Engineering curricula in higher education today is out of balance with what is needed to prepare graduates for the workforce, according to Stephen W. Director, provost and senior vice president for academic affairs at Northeastern University. This balance, he said, can be restored by incorporating experiential learning—namely co-op—which emphasizes professional development and provides students with practical experience they can then apply to their academics back in the classroom.
“We have to recognize that there are skills engineering graduates need to know before they enter the workforce that can’t be taught in the traditional engineering classroom paradigm,” said Director, who kicked off the Northeast Section American Society for Engineering Education Conference, which was held at Northeastern, by delivering the plenary lecture Friday morning. These skills, he added, can only be obtained through real-world work experience that not only provides authentic context, constraints, and consequences, but is also an integral part of the engineering curriculum.
The theme of the conference—which is “Professional Formation of Engineers—aligns with the National Science Foundation initiative of the same name that seeks to create and support an innovative and inclusive engineering profession for the 21st century. Northeastern was the ideal host for this year’s event given the university’s focus on cooperative education and experiential learning, which align with this theme.
Director is a member of the National Academy of Engineering and a fellow of both the Institute of Electrical and Electronics Engineers and the American Society of Engineering Education. He is a pioneer in the field of electronic design automation and has a long record of commitment to—and innovation in—engineering education.
What employers think
Director noted that despite noble efforts over the past 20 years, employers today say engineering graduates—as well as those in other fields—have strong knowledge of their disciplines but lack the professional and intellectual skills required to successfully enter the workforce. He pointed to a 2013 survey of hiring managers published in Inside Higher Ed, which found that only 39 percent of respondents felt that the recent college graduates they interviewed were prepared for a job in their field of study.
Meanwhile, 82 percent of hiring managers surveyed thought the recent college graduates they hire should have completed a formal internship before graduation.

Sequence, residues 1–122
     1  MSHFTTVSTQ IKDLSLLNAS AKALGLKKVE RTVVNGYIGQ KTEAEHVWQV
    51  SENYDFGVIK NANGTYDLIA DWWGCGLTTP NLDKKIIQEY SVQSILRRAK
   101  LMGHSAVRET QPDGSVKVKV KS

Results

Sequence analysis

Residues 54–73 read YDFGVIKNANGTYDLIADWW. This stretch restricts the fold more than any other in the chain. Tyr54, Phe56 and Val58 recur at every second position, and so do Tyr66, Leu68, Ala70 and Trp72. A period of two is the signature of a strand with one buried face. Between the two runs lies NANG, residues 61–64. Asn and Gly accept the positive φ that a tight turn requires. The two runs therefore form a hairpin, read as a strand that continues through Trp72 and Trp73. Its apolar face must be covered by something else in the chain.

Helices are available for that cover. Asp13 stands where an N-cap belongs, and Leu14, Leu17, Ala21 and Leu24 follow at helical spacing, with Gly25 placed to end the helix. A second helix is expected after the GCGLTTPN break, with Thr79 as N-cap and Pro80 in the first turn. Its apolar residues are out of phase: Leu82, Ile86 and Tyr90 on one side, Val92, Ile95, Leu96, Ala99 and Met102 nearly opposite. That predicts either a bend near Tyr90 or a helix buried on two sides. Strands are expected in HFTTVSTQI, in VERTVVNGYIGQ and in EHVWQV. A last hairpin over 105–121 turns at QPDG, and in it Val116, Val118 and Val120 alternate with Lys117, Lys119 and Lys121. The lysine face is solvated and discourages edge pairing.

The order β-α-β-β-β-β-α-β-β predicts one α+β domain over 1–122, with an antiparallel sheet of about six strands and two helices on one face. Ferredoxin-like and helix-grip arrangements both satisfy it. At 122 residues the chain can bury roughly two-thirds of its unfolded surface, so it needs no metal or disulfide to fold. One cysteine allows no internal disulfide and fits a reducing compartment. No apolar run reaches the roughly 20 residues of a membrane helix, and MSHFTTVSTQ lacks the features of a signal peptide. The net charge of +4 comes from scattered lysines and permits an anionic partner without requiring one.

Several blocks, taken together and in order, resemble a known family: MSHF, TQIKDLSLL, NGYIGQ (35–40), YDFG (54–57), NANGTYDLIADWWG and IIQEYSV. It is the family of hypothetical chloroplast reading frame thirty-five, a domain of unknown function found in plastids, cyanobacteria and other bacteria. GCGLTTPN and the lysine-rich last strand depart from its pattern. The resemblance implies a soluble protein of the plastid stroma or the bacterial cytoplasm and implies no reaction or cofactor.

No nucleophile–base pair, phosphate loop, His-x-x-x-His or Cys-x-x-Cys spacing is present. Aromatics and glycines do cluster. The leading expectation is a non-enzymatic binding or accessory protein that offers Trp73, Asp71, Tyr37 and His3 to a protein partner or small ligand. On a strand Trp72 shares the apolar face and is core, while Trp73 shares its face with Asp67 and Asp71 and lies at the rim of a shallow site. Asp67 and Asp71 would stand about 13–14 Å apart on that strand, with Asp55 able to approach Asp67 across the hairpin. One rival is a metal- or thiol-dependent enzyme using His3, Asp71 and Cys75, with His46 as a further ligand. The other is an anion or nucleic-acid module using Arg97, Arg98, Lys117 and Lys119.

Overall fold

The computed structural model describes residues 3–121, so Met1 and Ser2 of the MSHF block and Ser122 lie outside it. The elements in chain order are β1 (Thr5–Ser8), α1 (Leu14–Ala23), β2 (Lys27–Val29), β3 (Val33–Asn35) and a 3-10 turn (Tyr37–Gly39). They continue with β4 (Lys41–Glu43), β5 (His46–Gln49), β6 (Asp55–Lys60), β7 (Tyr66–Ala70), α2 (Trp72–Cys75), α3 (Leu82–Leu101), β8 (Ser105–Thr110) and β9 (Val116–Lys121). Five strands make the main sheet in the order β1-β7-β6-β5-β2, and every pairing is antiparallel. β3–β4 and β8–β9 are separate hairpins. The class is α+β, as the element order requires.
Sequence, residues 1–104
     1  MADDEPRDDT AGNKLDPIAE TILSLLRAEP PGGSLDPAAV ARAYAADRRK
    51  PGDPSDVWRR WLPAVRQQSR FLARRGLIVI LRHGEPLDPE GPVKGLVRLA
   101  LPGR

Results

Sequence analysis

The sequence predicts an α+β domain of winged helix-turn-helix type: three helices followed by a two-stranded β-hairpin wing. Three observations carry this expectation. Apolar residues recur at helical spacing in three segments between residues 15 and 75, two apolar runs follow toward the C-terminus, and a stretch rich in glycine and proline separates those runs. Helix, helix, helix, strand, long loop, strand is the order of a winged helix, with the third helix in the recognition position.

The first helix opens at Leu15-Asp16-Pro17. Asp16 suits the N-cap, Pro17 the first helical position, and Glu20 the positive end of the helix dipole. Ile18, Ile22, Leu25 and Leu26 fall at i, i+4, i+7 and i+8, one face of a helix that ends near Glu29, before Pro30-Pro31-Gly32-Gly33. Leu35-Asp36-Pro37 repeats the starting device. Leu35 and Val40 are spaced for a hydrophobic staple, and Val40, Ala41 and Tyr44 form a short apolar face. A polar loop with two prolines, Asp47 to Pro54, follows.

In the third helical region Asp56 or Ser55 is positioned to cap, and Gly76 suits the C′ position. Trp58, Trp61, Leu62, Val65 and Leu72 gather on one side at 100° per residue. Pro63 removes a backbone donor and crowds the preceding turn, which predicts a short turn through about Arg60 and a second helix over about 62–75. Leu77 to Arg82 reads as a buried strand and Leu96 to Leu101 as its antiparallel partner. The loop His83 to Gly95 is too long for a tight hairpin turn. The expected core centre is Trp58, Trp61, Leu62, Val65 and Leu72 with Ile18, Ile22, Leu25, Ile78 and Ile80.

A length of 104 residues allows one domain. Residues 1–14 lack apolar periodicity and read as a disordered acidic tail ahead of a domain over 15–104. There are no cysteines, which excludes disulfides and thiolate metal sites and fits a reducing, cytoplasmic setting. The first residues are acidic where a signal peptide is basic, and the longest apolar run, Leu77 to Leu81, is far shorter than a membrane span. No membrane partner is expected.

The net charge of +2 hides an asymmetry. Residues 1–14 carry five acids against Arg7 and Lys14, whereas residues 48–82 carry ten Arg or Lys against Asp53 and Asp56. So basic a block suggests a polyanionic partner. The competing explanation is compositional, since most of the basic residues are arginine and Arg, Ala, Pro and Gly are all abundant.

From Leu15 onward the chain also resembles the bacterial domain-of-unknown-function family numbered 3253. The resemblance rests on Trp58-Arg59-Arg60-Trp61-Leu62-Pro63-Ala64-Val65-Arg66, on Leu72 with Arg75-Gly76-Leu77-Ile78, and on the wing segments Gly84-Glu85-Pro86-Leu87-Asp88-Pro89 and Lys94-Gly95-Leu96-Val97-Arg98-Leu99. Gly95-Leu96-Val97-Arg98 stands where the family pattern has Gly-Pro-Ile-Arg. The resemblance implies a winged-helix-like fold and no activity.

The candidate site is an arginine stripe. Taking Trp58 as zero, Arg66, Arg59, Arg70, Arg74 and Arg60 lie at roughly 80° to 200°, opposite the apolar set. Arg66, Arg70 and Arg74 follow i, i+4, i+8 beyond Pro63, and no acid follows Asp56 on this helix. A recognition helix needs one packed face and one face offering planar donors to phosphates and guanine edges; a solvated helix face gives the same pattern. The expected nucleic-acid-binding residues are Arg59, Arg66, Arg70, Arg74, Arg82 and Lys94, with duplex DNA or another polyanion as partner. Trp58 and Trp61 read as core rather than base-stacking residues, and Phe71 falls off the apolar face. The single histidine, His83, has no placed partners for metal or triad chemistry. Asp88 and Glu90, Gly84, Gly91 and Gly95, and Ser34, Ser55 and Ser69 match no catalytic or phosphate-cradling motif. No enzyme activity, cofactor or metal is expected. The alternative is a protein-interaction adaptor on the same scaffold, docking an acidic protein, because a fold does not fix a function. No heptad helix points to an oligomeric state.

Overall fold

The Northeastern differentiator
Through Northeastern’s century-old experiential education model—particularly its signature co-op program—students gain real-world work experience across the globe on all seven continents. There were 9,823 co-op placements in 2013-14, and Northeastern counts nearly 3,000 co-op employers worldwide. This differentiator is evident: 92 percent of graduates from 2006 through 2013 were employed full time or enrolled in graduate school within nine months of graduation, and 85 percent who were employed full time were doing work related to their major.
“We have clear evidence that experiential education based on co-op exposes students to the real-world work environment and results in better prepared students who enter the workforce,” Director said.
Director noted that students and employers alike hail Northeastern’s co-op program. “I’ve never seen the level of confidence that students who are engaged in co-op have in their own abilities when they complete a co-op, nor the level of employer interest in co-op graduates as I’ve seen here,” he said, adding that faculty say students return from co-op ready to challenge traditional thinking and provide real-world examples of their work.
The Four Dimensions
Director outlined the “four dimensions” that factor into restoring the balance in engineering education to help better prepare students for the workforce:
What we need to teach: requires a balance between intellectual skills and disciplinary content
What we expect students to learn: requires a balance between professional development and intellectual development
What they actually learn: requires a balance between what we teach and how students learn
How we teach: requires a balance between pedagogy and technology
Director acknowledged that not all universities and colleges have the infrastructure to provide co-op programs. As an alternative, he said those institutions should consider implementing a simulated real-world co-op experience as part of their students’ education. He said this simulated program must have three components:
• It must build on the strength of capstone design courses, of which college students should not take more than one
• It must introduce a real-world client, if possible
• And it must be embedded with the strengths of co-op, which include real-world constraints, project parameters, and job expectations; lessons on how the skills learned integrate into coursework; and learning objectives, supervisor evaluations, and robust self-reflection.
“The simulated real-world experience could be an effective alternative, if it integrates certain aspects of the successful co-op program,” he said.